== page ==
City Athletic Club To Close

by Rob Dinerman

July 5, 2002  -Squashtalk has learned that the venerable City Athletic Club, home of one of the best doubles courts and swimming pools in all of New York and a major MSRA institution for many decades, will permanently close its doors on August 15th.

In a late-June letter to the club's membership, President Jonathan Rosen confirmed this imminent development, which follows several failed drives to boost the declining membership base and several efforts to come up with enough funding to keep the club financially afloat.

There are now barely 200 members, fewer than a third the number that there were during the institution's heyday, and neither recent attempts to recruit younger members nor a much discussed but never implemented plan to merge with the nearby Harmonie Club nor a pitch to former members of the Downtown Athletic Club who were looking around for a club to join after the DAC shut down last fall met with enough success to save the 94-year-old CAC from this unfortunate fate.

In a subsequent letter, President Rosen informed the members that they are welcome to apply to the Swimming and Athletic Club on Equitable Plaza and/or the New York Athletic Club (both of which are just a few blocks south and north respectively of the CAC) and encouraged them to do so.

Founded in 1908 as a private club for Jewish businessmen who at that time were denied entry to Manhattan's existing private clubs, the CAC became one of the most significant social and business clubs in all of New York under the 35-year Presidency (1909-1944) of Solomon Guggenheim of Guggenheim Museum fame. Located on 54th Street just east of Sixth Avenue in the heart of New York's business district, the CAC hosted important parties, meetings and speeches from political figures and dignitaries from all over the country and indeed the world. The handsome nine-story structure is in the heart of Manhattan's "doubles district" as well, with the University Club just down the block near Fifth Avenue, the Racquet & Tennis Club barely a five-minute walk away on 53rd Street and Park Avenue and the Lone Star Boat Club only a few blocks west on 54th Street and Seventh Avenue.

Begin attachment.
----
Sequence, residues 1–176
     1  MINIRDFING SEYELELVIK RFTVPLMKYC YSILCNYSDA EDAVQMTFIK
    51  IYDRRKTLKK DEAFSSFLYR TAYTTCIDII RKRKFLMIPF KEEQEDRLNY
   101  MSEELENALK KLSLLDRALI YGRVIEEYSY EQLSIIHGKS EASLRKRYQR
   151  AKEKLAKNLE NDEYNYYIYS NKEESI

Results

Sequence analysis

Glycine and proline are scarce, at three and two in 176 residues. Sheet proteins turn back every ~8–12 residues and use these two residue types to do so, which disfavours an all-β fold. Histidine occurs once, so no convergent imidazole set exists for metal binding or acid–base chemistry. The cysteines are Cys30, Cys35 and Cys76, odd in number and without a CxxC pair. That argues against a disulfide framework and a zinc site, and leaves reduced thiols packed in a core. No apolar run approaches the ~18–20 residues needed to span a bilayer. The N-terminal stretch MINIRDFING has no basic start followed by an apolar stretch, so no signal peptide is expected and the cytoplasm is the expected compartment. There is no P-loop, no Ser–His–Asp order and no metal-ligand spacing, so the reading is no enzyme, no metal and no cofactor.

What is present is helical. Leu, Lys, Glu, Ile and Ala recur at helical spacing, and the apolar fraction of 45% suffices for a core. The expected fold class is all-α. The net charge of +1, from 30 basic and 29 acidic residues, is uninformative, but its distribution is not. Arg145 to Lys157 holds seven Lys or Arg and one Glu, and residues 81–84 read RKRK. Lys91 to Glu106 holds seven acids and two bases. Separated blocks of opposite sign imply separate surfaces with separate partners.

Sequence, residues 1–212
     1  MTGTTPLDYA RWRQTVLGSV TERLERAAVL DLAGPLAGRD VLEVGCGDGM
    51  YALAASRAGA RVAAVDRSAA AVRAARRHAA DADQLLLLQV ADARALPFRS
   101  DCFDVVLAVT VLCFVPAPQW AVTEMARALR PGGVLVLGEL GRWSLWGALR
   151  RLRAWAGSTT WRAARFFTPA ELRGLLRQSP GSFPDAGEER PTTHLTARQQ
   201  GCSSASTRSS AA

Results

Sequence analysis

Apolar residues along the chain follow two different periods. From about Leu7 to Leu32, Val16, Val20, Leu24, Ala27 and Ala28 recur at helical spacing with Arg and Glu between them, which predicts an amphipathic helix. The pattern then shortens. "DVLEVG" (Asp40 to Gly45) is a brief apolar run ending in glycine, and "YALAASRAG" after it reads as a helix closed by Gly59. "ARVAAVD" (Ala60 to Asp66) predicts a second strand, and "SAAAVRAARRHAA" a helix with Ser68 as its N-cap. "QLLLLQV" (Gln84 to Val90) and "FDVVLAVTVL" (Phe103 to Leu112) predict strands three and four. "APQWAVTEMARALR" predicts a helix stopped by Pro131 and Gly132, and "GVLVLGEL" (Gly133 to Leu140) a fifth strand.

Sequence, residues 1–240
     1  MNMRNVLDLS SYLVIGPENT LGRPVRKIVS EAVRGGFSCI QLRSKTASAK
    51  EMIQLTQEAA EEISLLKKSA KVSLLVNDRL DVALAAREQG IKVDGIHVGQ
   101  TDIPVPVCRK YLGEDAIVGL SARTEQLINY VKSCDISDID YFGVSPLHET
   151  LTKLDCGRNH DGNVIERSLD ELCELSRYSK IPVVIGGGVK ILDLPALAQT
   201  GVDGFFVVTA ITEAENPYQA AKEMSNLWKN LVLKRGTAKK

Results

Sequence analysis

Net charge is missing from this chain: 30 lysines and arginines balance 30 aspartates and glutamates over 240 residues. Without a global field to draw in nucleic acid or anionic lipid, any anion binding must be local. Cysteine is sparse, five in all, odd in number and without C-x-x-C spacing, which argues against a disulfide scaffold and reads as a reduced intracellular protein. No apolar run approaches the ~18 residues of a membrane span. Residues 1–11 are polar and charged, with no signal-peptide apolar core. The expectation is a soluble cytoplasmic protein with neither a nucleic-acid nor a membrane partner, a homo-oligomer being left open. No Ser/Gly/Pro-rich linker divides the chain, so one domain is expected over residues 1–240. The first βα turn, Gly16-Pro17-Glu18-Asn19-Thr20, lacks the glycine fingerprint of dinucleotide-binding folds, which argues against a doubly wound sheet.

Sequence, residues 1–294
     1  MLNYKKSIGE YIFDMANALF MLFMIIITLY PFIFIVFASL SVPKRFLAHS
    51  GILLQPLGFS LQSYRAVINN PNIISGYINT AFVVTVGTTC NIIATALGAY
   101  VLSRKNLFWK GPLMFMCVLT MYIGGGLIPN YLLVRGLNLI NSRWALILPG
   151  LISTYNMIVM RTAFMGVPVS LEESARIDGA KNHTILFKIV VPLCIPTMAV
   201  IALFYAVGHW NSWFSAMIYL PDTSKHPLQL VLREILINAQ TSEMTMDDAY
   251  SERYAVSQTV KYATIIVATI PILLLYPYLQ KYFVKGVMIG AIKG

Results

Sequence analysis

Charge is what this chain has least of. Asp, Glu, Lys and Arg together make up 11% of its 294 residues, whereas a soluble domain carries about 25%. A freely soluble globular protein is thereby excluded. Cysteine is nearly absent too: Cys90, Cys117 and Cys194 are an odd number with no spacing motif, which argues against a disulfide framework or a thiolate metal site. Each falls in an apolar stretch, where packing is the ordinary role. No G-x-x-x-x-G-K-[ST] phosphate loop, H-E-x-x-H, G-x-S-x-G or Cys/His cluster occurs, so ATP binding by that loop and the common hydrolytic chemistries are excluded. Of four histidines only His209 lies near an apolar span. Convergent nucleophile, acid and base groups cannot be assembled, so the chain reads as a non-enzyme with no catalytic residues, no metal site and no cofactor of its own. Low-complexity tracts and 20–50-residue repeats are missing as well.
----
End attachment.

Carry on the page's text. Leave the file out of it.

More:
The City Athletic Club also became a major fixture on the MSRA squash scene, with team entries in the MSRA singles and doubles leagues which were led by formidable figures like Stu Goldstein, winner of the 1978 WPSA Singles title, multiple National age-group doubles champion Mel Sokolow, '69 National Doubles champion Victor Elmaleh, '67 New York State champion John Halpern, league star Jim Prigoff and Newt Kutner, who won the CAC club championship a record 15 times during the 1940's and 1950's.

More recently, ISDA pro doubles stand-out Anders Wahlstedt has been a member and until last month Clive Leach, who is currently ranked in the ISDA top ten, was the club professional after replacing Bobby Martinez following the latter's three decades of meritorious service in that capacity. And Bob Lehman, who for five decades single-handedly produced the MSRA annual yearbook and made it the most popular such document in the entire world, was a CAC member for many years.

The center-piece of the club's athletic facility was its outstanding doubles court, deemed one of the truest in all of squash and equipped with a spacious gallery that made its annual invitational doubles tournament one of the highlights of any season. Originally a pro-am event, it became an amateur invitational before being converted a few years ago to a pro tournament on the burgeoning ISDA tour. Renamed to honor Sokolow following his death in 1992, the Mel Sokolow Memorial Invitational has become an important stop on the tour's 17-event schedule and some noteworthy professional matches, from Gary Waite's dominant performances with Damien Mudge last season and Viktor Berg the previous year to the unexpected advance to the finals last January of qualifiers Wahlstedt and Josh McDonald, have taken place on that storied court.

As recently as this past March, the CAC joined the New York City Doubles Association (NYCDA), which was hastily formed to host the 2002 National Doubles championships after the MSRA declined to sanction the event and provided a crucial venue that enabled the USSRA to properly conduct this mammoth tournament. Notwithstanding these recent moves, there had been rumblings about the club's future for some time, especially due to the graying and thinning of what once was a strong membership base, and the news of the club's imminent demise is therefore a saddening but not surprising development.

Mid Atlantic/NY Squash has been losing hardball squash clubs and courts in the last several years, notably the Atlantic City Racquet Club (which was evicted last summer by the management of Resorts International), the demolition last month of the Yale Club's lone remaining hardball court and the scheduled conversion next spring of the last two remaining hardball courts at the University Club of Washington D. C. into a softball court.

Still, especially in view of the paucity of doubles courts in New York amidst the success of the ISDA tour and the growing popularity of the game, the loss of the City Athletic Club doubles court and of the highly-respected institution itself constitute a heavy psychological blow, on both a squash and a social level, and provide yet another sobering and cautionary reminder of time's relentless passage.

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